It appears that the obligation on the part of United as lessee to pay local taxes was deleted from the new lease of January 1, 1954 in recognition of the rule announced in the case of Board of Commissioners of Sedgwick County, State of Kansas v. United States, 105 F.Supp. 995, 123 Ct.Cl. 304, a decision of the United States Court of Claims decided July 15, 1952, to the effect that liability of property to taxation under circumstances similar to those in this case is dependent upon the government corporation both holding legal title to and having full control and dominion over the property sought to be taxed. The Administrator of the General Services Administration has acknowledged that in order to insure the tax exempt status of the property he caused to be recorded on December 15, 1953 in Lawrence County a quitclaim deed by which legal title was conveyed from the Reconstruction Finance Corporation, successor to Defense Plant Corporation, to the United States of America. It is noticed at this point that the deed had been executed June 13, 1950, but not recorded until three and one-half years later, in Deed Book Volume 376, page 596, Lawrence County records, and entered of record in the New Castle City Registry Department on December 21, 1953. The deed conveys land described as containing approximately 50.171 acres of land, together with buildings, improvements, appurtenances, etc.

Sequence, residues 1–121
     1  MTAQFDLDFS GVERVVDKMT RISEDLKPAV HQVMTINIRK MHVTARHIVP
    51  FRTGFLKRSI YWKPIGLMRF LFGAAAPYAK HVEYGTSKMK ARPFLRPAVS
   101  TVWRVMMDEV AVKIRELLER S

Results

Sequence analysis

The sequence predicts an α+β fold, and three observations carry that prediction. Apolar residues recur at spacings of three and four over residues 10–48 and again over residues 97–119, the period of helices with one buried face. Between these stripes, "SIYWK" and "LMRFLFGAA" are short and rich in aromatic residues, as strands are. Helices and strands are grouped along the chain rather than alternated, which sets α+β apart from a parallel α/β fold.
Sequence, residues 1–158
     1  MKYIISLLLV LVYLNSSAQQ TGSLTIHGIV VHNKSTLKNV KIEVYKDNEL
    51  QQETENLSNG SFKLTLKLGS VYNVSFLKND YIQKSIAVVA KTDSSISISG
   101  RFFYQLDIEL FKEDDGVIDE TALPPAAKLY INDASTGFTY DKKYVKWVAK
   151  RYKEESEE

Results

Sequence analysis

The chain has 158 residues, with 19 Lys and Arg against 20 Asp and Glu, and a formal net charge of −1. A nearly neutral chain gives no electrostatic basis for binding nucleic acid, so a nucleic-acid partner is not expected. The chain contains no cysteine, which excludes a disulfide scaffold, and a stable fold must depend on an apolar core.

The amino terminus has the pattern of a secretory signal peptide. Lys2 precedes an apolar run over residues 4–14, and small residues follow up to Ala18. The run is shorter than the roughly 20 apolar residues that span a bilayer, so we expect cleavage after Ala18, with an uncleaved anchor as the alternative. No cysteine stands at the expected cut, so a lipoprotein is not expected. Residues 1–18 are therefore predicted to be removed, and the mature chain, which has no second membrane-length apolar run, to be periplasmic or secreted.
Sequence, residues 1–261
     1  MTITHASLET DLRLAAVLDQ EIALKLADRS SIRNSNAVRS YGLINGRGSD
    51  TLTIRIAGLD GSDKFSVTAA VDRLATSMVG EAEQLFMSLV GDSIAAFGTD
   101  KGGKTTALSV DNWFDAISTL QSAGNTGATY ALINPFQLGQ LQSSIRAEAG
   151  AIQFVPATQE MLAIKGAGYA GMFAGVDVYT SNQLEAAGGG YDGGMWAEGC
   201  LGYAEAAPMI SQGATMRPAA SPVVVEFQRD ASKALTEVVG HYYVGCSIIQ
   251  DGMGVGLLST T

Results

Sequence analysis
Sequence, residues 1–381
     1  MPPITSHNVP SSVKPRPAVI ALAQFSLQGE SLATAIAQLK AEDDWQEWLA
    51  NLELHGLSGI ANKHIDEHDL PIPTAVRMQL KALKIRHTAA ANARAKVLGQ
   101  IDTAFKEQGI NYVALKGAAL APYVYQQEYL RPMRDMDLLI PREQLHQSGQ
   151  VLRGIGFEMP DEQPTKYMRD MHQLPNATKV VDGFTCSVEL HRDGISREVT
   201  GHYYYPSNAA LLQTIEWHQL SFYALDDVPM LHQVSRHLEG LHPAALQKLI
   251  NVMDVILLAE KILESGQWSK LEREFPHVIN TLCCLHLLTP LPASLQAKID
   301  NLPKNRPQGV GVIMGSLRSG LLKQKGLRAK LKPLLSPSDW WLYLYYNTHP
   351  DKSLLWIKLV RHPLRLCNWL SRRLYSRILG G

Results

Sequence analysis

Paragraph 10 of the agreed statement of facts is a letter under date of October 11, 1954 from the Administrator of the General Services Administration to the Acting Comptroller General, in which the Administrator summarizes the government's then position and says in part:

 'Notwithstanding the decision in the Sedgwick County case and the vesting of legal title in the United States, the City of New Castle has made demand for payment of the 1954 taxes.'

 However, subsequently, and on July 19, 1956, the government sold the property which is the subject of this suit to the Mesta Machine Company, a Pennsylvania corporation. In its deed to Mesta there is no warranty of title, the language of the deed being:

 'This Deed is executed and delivered to the Grantee, herein, its successors and assigns, without warranty, express or implied, anything herein contained to the contrary notwithstanding.'